Pari-Mutuel System Betting

Have you ever been to the track and bet on a horse with 8/1 odds, only to see the odds change for the worst right before the race started? That 8/1 horse that you were hoping to make a lot of cash off of might have dropped down to 4/1 by the time the race starts. Or maybe the odds became more favorable for you and climbed to 12/1. This happens because bets at the race track are calculated by the pari-mutuel system.

The pari-mutuel system is a broad term that explains how the final odds for a particular horse are calculated. Unlike with the betting of other sports which operate on fixed-odds, horse racing odds will change after you have made a bet. That 8/1 horse might become 4/1 if enough money is wagered on it. As more and more people wager on different outcomes of the race, the prize pool for each horse changes causing possible payouts to change in response.

Here’s how it works

All of the money placed on a particular type of wager for a horse is pooled together. The track takes out their portion of the money; usually around 17 percent, depending on the type of wager and your state’s taxation laws. This money goes towards state and municipal taxes, race purses, and track maintenance. The remainder is then averaged out and returned to the winning bettors.

Confused? Here’s an example. Suppose there are ten people each wagering ten dollars on a race, for a total prize pool of $100. Before anything happens, the house would take their commission out. If the house take is 17 percent, $17 would be removed from the possible prize pool, leaving a total of $83. If only one person had picked the winning horse, he would receive the entire $83 back as his winnings. If two people had selected the winning horse, their winnings would be $41.50 each, and so on.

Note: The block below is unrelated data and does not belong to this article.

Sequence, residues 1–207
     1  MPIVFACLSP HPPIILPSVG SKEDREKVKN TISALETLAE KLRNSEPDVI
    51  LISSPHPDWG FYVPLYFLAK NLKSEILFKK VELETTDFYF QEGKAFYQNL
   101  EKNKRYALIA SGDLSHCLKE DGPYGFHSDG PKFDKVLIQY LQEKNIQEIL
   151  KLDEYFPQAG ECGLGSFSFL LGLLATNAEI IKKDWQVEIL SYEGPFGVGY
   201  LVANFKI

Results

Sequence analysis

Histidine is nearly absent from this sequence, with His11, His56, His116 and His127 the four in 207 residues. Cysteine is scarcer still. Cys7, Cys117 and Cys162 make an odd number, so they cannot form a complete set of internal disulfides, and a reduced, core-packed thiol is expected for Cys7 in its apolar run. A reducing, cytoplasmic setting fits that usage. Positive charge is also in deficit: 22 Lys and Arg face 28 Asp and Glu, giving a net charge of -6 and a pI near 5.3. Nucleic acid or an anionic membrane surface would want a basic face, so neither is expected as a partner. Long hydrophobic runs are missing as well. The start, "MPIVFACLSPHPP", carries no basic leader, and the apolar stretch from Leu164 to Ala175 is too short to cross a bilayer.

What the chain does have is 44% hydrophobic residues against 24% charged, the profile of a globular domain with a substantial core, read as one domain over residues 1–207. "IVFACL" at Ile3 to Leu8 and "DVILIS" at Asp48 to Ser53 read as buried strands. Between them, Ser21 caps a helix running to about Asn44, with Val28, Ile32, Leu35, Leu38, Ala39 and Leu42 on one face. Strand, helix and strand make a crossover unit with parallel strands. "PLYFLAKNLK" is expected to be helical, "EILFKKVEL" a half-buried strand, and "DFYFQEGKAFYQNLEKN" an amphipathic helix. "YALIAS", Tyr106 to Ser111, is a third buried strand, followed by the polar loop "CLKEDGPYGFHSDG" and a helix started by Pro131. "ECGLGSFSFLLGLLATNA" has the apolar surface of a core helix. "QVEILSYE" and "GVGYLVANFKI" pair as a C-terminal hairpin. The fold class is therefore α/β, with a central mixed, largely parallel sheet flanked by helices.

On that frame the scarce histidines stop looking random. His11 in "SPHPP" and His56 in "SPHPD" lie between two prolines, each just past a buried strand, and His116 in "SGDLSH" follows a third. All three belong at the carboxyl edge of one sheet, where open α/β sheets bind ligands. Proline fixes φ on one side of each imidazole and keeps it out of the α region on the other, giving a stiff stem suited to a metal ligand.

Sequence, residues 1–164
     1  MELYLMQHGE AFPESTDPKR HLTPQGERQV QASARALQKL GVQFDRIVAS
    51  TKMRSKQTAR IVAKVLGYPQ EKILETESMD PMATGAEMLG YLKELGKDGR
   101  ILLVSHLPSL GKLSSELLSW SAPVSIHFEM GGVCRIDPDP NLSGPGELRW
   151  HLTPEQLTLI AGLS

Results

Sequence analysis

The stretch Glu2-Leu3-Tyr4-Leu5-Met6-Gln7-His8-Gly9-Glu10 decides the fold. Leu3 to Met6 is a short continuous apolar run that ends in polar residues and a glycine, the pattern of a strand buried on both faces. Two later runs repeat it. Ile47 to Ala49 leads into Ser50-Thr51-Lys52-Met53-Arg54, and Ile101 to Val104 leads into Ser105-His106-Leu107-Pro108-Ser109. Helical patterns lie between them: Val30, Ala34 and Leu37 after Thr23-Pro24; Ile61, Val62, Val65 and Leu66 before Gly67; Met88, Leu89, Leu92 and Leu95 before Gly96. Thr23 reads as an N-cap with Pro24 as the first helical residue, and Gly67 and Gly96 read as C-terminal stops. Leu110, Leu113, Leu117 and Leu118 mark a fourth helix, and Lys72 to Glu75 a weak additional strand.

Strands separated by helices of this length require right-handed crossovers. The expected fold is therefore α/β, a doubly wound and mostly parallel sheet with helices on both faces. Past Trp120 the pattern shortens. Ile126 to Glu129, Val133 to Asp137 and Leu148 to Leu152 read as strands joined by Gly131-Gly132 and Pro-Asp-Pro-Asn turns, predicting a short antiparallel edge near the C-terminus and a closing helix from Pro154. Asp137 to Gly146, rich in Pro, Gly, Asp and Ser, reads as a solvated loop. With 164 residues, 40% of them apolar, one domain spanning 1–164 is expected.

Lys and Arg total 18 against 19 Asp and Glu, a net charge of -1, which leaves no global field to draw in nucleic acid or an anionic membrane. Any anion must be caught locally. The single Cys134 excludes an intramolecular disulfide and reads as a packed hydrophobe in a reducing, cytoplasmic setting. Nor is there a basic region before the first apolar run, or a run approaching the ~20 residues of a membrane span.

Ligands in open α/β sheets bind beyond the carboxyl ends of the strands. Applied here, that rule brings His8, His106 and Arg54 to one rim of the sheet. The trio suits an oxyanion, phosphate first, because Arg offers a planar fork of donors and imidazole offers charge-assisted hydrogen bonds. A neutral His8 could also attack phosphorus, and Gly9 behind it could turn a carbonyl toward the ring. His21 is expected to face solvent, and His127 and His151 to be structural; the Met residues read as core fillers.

Now that we have seen a theoretical example, let’s look at a more realistic one. Suppose we are looking at a race with a ten horse field. The following amounts are bet on each horse:


As you can see, the overwhelming favorite is horse 9, since this horse has garnered the largest amount of betting money. The total prize pool here is $900. When calculating the final odds, remember we must first take out the house’s commission. 17 percent of $900 is $153, leaving a total prize pool of $747.

Now we can look at a possible outcome. If horse 9 were to win, the overall odds of the horse would be calculated by taking the total bet on all horses minus the amount of the bet. That amount is then divided by the amount bet on the horse. In this instance, it would look like this:


This breaks down to about 2.1/1 and would be posted on the tote boards as simply “2.” This means that for every $1 bet on that horse, the house would pay $2.10 back to the bettor, plus their original $1. So if you picked the winning horse here, you would receive a total of $3.10 returned to you for each dollar handed over to the track mutuel window.

Now that you understand how the system works, we can move forward and learn how to make smarter wagers. In our next class, we will be discussing some of the various types of bets that you can make at the horse races.

elementary school
Pre-KHorse Racing Basics
KindergartenPari-Mutuel System Betting
1st GradeHorse Racing 101
2nd GradeWhy Pick One Horse Over Another
3rd GradeReading Horse Charts
4th GradeWhy Class Matters
5th GradeSpeed Figures
middle school
6th GradeIntro to Exotic Betting
7th GradeExotics Part II Multi Race Bets
8th GradeSelecting the Right Races
high school
9th GradeThe Morning Line
10th GradeMoney Management
11th GradeBetting Tactics to Avoid
12th GradePerfecting the Craft